It didn’t take long for the competition in the payments market to heat up after the announcement of Apple Pay last week with PayPal launching a campaign asking if you’d trust your financials to a business that can’t protect your selfies.
While PayPal pokes fun at Apple, there are more serious competitive pressures developing as the big companies start negotiating with credit card providers and banks to reduce their rates. This is something that will have an immediate benefit for businesses of all sizes.
Most businesses, big and small, are poor at monitoring what they pay for a service; while they’ll shop around and negotiate when they’re looking for a provider, they’ll often let these contracts go for years without reviewing them – something that utilities like banks, telcos and power companies take advantage of.
I was reminded of this earlier this week at a lunch with some senior Qantas accountants who were quite open about how every supplier’s contract was constantly reviewed and discounts were aggressively pursued. It’s a tough life for the airline’s subcontractors.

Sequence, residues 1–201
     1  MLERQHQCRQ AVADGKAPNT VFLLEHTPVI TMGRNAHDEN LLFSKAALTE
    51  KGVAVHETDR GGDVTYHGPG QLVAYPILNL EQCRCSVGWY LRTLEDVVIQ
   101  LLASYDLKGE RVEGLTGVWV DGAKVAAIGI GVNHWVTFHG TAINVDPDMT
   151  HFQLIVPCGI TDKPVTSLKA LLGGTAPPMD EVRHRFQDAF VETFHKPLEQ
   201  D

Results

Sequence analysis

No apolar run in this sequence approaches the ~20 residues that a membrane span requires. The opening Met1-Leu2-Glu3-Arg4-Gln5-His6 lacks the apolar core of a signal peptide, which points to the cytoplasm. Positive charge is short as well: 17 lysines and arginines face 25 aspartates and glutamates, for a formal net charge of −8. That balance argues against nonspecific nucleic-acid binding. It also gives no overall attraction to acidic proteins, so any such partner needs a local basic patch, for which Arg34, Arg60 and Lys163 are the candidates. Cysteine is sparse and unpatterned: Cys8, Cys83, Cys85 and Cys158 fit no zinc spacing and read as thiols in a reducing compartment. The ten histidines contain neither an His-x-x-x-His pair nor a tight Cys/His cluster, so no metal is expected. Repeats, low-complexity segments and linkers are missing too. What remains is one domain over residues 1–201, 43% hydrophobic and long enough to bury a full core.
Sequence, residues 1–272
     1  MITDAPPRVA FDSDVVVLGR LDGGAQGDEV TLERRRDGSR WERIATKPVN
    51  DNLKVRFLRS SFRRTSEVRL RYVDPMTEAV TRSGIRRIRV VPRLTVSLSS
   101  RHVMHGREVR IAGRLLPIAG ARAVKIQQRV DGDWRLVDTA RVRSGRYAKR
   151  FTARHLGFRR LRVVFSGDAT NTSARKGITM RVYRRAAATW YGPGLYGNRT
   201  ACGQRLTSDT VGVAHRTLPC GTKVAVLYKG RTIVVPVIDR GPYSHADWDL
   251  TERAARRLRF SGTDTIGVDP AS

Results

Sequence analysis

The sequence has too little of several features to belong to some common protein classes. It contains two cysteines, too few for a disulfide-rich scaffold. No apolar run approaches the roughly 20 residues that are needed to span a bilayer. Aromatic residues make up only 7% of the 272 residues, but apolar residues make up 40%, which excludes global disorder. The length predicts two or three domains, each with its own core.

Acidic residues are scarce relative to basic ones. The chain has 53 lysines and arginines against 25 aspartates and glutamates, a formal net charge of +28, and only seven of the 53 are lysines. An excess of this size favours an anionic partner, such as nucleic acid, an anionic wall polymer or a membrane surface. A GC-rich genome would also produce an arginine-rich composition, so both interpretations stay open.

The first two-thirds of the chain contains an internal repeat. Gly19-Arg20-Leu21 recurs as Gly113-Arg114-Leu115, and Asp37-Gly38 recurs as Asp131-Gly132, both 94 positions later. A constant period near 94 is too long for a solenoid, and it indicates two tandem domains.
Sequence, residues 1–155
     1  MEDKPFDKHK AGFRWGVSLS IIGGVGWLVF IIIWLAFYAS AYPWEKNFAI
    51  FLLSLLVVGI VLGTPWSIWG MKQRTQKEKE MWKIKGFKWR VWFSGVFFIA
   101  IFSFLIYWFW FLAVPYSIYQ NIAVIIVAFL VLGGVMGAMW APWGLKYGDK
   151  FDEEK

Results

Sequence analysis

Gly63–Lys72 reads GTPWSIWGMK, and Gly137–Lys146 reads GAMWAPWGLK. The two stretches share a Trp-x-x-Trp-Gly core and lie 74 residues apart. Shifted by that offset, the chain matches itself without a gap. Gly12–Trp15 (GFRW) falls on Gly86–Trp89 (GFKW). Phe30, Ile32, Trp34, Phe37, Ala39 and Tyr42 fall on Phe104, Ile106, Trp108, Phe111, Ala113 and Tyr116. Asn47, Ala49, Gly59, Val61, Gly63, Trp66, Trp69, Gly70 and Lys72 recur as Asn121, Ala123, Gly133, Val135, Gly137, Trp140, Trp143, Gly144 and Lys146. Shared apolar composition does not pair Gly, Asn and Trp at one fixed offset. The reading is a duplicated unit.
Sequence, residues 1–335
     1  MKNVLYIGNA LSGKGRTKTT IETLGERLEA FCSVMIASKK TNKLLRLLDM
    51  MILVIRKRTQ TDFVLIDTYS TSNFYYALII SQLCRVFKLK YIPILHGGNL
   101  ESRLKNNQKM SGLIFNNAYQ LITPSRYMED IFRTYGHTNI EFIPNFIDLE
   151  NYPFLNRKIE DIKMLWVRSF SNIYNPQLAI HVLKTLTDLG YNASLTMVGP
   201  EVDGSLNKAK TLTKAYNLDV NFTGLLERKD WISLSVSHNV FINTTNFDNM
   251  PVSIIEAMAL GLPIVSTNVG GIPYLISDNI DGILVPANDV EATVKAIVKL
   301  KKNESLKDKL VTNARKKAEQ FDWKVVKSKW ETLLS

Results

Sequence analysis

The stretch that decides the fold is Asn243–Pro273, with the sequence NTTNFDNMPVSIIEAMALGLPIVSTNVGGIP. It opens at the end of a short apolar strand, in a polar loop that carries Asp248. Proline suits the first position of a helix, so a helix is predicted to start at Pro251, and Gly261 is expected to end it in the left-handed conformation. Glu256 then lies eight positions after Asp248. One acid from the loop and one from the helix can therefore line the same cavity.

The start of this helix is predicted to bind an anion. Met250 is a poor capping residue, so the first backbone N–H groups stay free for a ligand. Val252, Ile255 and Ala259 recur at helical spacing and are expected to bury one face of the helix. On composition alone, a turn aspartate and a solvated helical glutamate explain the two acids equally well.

Times are tough for Qantas though, having sustained a $A2.8 billion loss last year along with constant declines in market share and stock prices. So it’s not surprising they have an aggressive cost-cutting strategy in place.
Many other industries are now looking at the same problem as the global economy is now in a phase of, at best, anaemic growth for the foreseeable future, which makes it essential for all businesses to start reviewing their costs.
For Australian businesses, there’s another imperative; the inept federal budget has tipped the Australian economy into its first recession in a generation and the hapless Joe Hockey’s hubristic comments about the housing market this week probably indicate property prices have peaked.
Both of these factors take Australian business into unfamiliar waters and companies with the lowest cost base and most efficient operations have a better chance of surviving a lean period.
With the banking sector now being disrupted by companies like PayPal and Apple along with the economy taking a turn for the worse, it might be time for all businesses to ask some hard questions of their banks and payment providers. The time is right to strike a deal.